The following definitions then are roughly stated but for our purposes, suffice to tie the ideas to agency in light of the relativization just mentioned (a finessed definition can be found in the paper linked below). I am sure you will come up with compelling counterexamples, but let’s start with the proposals, and perhaps discuss them in comments. These definitions concern processes in which the agent is in some sense a participant (they are attributed to the agent). They can be adapted to talk about control and automaticity in brain regions (exercise for later). Thus:
Process P is controlled in respect of its feature F iff P’s having/being F is a result of the agent’s intending that there be a P having F
Process P is automatic in respect of its feature F iff P’s having F is not controlled in respect of F.
A fully automatic process is one that does not exemplify any controlled features.
Going back to our reaching case, the behavior of reaching for that cup, an action process, is controlled in respect of its exemplifying that action property (namely being a reaching for that cup) precisely because the agent intended to reach for that cup. Of course, we need the standard qualifiers for causal deviance, temporal variables etc., but let’s assume the necessary qualifiers for sake of argument. Other aspects of the action can be automatic to the extent they are not intended (controlled). So, the process involving a precise rotation of the hand, a precise grip, a precise kinematics is automatic.
The proposals exemplify two virtues: (a) they allow that control and automaticity are defined in opposition to each other (automaticity is the absence of control) and (b) they allow us to attribute both to the same process.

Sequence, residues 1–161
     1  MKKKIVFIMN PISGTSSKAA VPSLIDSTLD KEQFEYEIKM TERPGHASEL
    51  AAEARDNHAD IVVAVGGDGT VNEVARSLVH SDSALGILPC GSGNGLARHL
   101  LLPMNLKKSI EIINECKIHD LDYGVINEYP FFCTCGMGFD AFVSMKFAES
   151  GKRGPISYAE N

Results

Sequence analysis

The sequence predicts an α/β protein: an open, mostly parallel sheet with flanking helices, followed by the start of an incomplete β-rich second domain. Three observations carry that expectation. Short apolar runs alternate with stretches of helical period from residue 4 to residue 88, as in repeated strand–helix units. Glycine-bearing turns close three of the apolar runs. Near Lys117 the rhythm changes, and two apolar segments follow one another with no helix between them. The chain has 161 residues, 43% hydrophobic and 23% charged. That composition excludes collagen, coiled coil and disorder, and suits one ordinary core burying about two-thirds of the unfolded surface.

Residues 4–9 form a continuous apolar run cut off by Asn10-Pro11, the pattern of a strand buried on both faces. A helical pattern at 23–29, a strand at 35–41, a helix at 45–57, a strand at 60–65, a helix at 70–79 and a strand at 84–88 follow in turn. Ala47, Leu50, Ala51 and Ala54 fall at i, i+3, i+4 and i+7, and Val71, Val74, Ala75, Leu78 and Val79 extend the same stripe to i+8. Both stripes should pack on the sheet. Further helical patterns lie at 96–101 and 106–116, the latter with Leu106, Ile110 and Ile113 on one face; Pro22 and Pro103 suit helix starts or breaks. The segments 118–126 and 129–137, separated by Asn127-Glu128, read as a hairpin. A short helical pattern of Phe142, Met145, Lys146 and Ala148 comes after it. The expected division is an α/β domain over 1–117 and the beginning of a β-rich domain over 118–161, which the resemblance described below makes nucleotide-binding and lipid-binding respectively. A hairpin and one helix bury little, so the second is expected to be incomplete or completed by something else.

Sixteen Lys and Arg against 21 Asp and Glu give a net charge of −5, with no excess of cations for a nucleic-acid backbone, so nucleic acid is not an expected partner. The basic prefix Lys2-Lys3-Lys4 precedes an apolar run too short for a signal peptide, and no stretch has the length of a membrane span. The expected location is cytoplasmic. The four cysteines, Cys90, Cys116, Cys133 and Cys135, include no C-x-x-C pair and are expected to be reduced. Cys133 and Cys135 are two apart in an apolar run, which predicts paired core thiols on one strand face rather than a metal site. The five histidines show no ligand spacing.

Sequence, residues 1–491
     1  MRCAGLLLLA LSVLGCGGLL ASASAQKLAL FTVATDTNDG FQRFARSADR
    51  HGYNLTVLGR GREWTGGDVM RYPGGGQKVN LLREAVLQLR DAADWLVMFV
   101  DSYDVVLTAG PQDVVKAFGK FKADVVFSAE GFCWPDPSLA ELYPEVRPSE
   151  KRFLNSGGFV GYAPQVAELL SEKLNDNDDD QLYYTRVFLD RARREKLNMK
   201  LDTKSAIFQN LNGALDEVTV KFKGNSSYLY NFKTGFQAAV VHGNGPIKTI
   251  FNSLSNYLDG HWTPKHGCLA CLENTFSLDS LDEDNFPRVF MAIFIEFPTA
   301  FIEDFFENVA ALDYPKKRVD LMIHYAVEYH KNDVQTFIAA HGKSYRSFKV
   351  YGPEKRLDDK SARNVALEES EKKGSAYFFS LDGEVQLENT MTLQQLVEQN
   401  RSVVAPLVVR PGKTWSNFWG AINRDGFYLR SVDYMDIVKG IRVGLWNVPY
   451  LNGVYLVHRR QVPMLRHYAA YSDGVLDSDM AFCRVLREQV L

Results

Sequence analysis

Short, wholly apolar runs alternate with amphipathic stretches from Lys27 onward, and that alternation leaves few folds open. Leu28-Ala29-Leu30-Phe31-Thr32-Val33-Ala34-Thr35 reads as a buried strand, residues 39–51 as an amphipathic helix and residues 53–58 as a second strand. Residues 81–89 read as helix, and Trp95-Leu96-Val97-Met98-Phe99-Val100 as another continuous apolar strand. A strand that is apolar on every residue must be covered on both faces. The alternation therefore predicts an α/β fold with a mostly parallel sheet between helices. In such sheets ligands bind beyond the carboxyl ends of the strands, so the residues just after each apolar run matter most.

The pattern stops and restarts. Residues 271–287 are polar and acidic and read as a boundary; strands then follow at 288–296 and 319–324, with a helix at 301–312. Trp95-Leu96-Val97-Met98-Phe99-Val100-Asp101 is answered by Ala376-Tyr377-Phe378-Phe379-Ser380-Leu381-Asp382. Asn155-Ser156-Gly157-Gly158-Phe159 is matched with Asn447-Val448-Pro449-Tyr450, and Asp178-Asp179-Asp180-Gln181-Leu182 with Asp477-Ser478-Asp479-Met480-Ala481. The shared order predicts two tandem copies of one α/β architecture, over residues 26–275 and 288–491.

I think once we have an understanding of these ideas, we can actually make some headway on a variety of issues including agency, schizophrenia, and attention. I’ll discuss each of those in later posts. You might have your own phenomena that you think the notions should apply to so I would be pleased to hear about whether the basic ideas might apply to your domain.
Undoubtedly, philosophy being what it is, I’m sure there are refinements. It would be enough for me, however, that we consider automaticity and control as a set of concepts that are worthy of philosophical analysis.
A couple of papers: For some philosophical applications of these ideas, I am quite taken with Galen Strawson’s discussion of mental action (even if I disagree with him!). My response deploying the notions noted above is published in this volume and a penultimate version can be downloaded here.
Update: I’ve benefited from all the discussion, but I want to highlight one specific thread about control raised by Joshua Shepherd, Ellen Fridland and Wayne Christensen. I hope this will summarize one of the many interesting points readers have raised. You can read through the comments if you are interested, but to roughly summarize:
What has become apparent is that there are many things that we might call control. Josh brings up the notion of skilled behavior as an exemplification of a high level of control, and we can take the elite pianist as an example. Ellen noted different notions of control (Josh as well), and Wayne Christensen in one of his posts emphasizes the dynamic connections between these. There’s lots here, but I think it raises at least one challenge which I put as follows:
Take the elite pianist. Note that there are different forms of control that are being implemented, different things that are aptly called control, and perhaps with each, some relevant correlated sense of automaticity. Provide adequate analyses of these that is sensitive both to conceptual conditions and to known empirical phenomena. The goal here is to provide an adequate theoretical characterization that is then generalizable to other forms of skilled and unskilled behavior, that helps us make sense of the acquisition and loss of skills, of performance etc. Further, see if it can be generalized to philosophical questions about volition and agency.